The word "relatable" is so vastly overused on this internet that you'd think any writer would be embarrassed to have it included in their work. And yet, while skimming the article accompanying Margot Robbie's new Vogue cover, I came to a part where I couldn't help but think, "Wow, that is oddly, and very specifically, well, relatable."
The moment comes when Robbie admits she fantasizes about getting some sort of joint-living fantasy to share with her husband, Tom Acklery, and her friends and business partners Josey McNamara and Sophia Kerr. “We’ll be like a cult!” the 28-year-old actress explains before revealing that she has one very specific fantasy for a living situation, as recounted by Vogue writer Irina Aleksander: "When they looked at one property, Robbie asked if she could have a slide built connecting her bedroom to the pool."
“I think that just sums up the person that she is,” adds Kerr, her friend. “She will buy a compound on a whim, so that her close friends could live near her and so that she can wake up and slide into the pool.”
It was at that moment that something rumbled inside of me to remind me that I, too, once fantasized about the specific idea of one day having a waterslide that began in my second-story bedroom and then promptly deposited me in my own laguna-size pool. A quick search of the internet revealed that Robbie and I are not the only millennials who have had this dream, and also revealed what was likely the locus of this idea: the 1994 live-action Disney movie Blank Check.
With a vibe reminiscent of later Disney Channel Original Movies, but actually released in theaters, Blank Check follows an 11-year-old named Preston Waters who inadvertently comes into $1 million and promptly decides to live as many 11-year-old's fantasies as one can buy for that amount, including the purchase of a castle-themed home that includes, you guessed it, a waterslide connected to his bedroom...or maybe his office. (Turns out when doing research on this film there's a lot of weird things you misremember—like the fact that Preston has a weird quasiromantic storyline with a full-grown woman.) Whatever the case, the film may have launched the notion of the bedroom waterslide into the collective consciousness of millennials.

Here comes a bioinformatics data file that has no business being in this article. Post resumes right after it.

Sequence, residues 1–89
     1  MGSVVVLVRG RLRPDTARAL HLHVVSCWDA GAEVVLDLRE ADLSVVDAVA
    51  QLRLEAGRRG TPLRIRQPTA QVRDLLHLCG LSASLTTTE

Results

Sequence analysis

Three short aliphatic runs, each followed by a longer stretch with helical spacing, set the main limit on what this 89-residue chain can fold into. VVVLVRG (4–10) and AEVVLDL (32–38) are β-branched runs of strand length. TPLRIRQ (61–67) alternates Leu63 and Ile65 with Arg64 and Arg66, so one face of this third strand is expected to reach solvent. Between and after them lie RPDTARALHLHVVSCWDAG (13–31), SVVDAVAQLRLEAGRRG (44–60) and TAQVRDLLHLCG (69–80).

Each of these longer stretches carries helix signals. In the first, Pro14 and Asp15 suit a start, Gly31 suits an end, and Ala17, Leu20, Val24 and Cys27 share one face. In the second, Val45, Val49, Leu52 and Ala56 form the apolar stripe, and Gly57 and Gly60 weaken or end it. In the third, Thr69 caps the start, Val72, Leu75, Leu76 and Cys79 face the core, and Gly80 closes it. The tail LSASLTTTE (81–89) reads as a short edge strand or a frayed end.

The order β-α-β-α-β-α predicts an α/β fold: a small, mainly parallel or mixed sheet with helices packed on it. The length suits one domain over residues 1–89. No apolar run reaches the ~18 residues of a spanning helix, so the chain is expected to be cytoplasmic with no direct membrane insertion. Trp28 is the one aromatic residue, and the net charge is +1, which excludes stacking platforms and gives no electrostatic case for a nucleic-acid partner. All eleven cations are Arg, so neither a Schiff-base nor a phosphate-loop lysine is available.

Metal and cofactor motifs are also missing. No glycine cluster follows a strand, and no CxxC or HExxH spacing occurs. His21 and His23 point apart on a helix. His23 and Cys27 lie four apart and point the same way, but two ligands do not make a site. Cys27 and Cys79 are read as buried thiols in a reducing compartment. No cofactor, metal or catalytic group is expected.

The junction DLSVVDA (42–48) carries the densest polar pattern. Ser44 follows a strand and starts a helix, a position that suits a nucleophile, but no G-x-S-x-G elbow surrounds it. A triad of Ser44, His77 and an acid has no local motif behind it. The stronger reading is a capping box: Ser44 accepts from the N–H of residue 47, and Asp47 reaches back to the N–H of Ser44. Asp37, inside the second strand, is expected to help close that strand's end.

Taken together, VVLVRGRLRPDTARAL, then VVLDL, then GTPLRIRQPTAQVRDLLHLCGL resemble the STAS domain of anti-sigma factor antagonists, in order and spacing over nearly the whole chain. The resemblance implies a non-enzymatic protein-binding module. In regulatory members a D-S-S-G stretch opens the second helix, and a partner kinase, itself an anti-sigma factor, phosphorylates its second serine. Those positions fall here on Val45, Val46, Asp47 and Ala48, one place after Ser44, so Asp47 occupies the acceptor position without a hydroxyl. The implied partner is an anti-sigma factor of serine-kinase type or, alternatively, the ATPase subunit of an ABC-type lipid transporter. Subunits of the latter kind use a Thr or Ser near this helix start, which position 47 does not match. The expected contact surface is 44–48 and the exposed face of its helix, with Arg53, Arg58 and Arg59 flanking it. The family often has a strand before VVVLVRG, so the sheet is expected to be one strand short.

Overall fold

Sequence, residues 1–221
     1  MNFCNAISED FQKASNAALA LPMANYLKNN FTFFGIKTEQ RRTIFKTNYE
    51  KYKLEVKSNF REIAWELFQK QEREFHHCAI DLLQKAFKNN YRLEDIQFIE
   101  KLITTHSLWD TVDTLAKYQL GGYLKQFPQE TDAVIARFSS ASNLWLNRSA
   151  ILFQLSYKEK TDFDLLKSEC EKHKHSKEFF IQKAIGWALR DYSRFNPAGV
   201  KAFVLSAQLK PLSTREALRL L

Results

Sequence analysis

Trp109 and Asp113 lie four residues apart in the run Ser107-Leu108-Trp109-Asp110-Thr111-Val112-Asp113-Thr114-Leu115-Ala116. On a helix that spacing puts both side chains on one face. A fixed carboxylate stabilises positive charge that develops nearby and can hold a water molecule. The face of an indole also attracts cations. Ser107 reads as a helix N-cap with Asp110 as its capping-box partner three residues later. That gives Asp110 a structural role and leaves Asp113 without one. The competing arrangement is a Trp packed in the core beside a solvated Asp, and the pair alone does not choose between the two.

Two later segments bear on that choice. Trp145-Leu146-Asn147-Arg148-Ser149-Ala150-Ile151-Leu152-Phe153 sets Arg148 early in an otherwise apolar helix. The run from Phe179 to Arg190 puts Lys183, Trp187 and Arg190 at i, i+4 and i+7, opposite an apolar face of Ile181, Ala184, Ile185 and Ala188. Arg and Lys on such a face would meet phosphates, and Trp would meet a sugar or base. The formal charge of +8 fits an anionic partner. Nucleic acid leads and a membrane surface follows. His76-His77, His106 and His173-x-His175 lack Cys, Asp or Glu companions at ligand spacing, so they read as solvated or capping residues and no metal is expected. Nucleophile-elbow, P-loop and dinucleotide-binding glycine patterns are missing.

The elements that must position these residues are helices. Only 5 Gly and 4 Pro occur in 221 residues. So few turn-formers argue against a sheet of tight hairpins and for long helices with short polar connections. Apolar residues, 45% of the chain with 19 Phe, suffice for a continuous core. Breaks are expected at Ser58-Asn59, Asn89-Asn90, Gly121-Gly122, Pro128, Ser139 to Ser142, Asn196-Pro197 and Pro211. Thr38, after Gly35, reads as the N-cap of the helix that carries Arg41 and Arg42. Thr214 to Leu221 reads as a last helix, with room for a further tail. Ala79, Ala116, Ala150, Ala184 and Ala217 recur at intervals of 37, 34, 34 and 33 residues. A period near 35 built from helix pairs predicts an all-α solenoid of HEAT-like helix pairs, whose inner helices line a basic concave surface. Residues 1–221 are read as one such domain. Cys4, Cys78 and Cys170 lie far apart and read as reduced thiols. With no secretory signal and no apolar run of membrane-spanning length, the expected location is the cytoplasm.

Indeed, it seems someone out there actually is living the dream, according to a 2010 real-estate listing story that went viral. Some subterranean (which, yes, does still mean underground) mansion in Cheshire, England, apparently does have a bedroom waterslide, though not exactly as we had collectively imagined it.
The prevalence of the fantasy made us wonder if it was only in Blank Check? Didn't we see something like that on MTV Cribs? No, that was just Missy Elliott's Ferrari bed and that one place with the aquarium built into the couch. What about the Macaulay Culkin–starring Richie Rich? Turns out that Richie was the one who had a fully functional private McDonald's, but not a bedroom waterslide. The titular Smart House of Disney Channel's Smart House had a lot of cool features, but not a pool. Hey Arnold's room was cool as hell, but he lived in an apartment building without a pool, either. Cher had a cool computerized closet in Clueless, and a very nice pool, but, alas, not a slide that went from her closet to her pool.
Actually, it's striking, looking back, how frequently what we now call "real-estate porn" was featured in media aimed at millennials during their childhood and teenage years in a way it hadn't been before (well, unless you count The Jetsons). Which is ironic considering the fact that so few millennials are able to purchase any home (let alone one with a bedroom waterslide) is a key symptom of America's possible economic collapse. But at least it's nice to hear that some millennial out there keeps the bedroom waterslide dream alive.